Propane’s presence felt at Tri-State Alternative Fueling Expo

March 19, 2015 By and    

Themed “Success Stories,” the second annual Tri-State Alternative Fueling Expo & Conference was held Feb. 24-26 at the Monroeville Convention Center in Monroeville, Pa. The event blended the expanding alternative fuels trade with the transportation and shale oil and gas industries.

The expo showcased exhibitors from across the alternative fuels spectrum, including propane autogas, compressed natural gas (CNG) and hybrid options. These included heavy-, medium- and light-duty trucks; cars; buses; and motorized equipment that runs on alternative fuels. In addition, fueling infrastructure for propane and CNG was on display.

The centerpiece of the expo floor was a CNG fueling station, which, after the event, was bound for Bentleyville, Pa. It, along with a propane fueling station, will form Energy from U.S. 1 (EFUS), a CNG and propane refueling station that is being built and will be one of only a handful across southwestern Pennsylvania.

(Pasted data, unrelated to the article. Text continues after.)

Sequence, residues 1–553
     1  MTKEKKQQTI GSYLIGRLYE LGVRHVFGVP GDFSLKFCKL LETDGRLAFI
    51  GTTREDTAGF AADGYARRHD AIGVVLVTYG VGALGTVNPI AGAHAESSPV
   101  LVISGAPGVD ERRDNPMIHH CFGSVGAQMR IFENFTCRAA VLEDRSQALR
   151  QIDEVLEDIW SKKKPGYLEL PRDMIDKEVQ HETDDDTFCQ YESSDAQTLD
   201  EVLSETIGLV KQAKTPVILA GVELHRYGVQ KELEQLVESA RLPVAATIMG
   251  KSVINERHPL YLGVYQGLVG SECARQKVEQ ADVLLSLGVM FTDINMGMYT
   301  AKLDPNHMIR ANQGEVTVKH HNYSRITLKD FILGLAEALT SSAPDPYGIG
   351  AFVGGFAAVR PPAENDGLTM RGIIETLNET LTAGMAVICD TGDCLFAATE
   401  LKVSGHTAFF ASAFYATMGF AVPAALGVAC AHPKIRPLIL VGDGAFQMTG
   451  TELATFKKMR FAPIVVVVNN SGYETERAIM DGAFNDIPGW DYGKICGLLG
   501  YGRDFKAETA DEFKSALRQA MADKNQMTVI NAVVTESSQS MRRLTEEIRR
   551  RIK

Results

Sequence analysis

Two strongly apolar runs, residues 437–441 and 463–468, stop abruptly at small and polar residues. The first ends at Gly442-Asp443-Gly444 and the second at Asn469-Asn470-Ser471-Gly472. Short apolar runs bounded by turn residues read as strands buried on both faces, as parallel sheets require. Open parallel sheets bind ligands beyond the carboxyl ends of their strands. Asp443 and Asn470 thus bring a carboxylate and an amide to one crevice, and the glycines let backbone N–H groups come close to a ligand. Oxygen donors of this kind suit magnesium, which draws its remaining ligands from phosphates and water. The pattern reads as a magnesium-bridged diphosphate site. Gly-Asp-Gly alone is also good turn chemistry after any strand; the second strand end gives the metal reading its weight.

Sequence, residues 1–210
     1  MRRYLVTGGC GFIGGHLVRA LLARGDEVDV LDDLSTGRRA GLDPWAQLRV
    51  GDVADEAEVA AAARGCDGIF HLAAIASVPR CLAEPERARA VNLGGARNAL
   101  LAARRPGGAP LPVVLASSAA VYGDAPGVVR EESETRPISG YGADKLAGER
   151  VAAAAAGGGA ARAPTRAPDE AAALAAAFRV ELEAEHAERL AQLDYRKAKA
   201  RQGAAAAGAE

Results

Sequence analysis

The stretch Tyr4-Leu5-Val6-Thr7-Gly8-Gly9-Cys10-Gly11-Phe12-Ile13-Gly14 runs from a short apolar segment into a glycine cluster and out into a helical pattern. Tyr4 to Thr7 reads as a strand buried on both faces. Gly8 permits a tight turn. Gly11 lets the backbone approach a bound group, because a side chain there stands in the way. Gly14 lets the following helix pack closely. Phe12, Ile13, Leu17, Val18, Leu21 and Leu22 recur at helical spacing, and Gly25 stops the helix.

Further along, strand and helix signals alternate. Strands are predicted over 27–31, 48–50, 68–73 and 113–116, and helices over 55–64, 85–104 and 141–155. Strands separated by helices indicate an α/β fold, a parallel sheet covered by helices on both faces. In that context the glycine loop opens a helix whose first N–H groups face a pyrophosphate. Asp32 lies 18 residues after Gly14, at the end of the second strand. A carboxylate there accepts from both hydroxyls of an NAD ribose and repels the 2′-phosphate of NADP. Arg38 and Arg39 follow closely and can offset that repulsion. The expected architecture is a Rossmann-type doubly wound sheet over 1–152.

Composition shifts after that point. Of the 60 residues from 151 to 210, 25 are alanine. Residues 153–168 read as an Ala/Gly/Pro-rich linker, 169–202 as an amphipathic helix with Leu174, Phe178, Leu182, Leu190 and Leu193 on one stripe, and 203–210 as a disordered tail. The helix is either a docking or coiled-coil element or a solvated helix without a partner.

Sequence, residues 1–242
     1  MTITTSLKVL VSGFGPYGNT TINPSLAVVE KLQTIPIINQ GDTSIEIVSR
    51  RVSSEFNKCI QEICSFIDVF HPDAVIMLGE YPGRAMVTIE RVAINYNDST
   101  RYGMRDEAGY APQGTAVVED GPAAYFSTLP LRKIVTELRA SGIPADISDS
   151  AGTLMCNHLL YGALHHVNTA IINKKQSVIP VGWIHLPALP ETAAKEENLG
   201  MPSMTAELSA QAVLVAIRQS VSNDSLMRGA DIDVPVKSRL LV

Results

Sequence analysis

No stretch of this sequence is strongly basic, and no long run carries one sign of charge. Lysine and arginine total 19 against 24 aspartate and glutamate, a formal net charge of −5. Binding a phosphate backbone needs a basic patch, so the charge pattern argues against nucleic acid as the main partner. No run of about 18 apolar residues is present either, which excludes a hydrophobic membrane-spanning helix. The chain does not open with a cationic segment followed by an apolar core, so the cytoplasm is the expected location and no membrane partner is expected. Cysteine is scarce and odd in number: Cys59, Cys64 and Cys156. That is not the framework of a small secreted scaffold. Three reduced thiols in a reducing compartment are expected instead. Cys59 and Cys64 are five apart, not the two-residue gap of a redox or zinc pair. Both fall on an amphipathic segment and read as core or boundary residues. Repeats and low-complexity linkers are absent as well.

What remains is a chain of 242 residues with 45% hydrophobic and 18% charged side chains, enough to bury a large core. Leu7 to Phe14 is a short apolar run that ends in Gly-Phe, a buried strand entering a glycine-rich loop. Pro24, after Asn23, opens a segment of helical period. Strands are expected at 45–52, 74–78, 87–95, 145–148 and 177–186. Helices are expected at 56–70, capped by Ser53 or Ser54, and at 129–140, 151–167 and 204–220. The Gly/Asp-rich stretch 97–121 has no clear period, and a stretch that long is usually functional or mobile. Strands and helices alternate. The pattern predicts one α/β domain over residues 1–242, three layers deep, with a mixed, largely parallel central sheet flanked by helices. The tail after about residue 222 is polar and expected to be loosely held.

A special announcement was also revealed at the expo. U.S. Gain (GAIN Clean Fuel); “O” Ring CNG Fuel Systems, the builder of Energy from U.S. 1; and “O” Ring’s affiliates will co-brand “O” Ring’s existing CNG stations as “O” Ring CNG/GAIN Clean Fuel and incorporate them into U.S. Gain’s nationwide infrastructure of CNG stations.

With the domestic abundance and growth of the shale oil and gas industry in the United States, the alternative fuels industry (propane and CNG in particular) has benefited. Both propane and CNG are cleaner than other petroleum-based fuels and help reduce emissions from greenhouse gases. Plus, they offer America energy security because their source comes from areas like the Marcellus and Utica shale plays, a region under the feet of millions of Americans.

Propane marketer involvement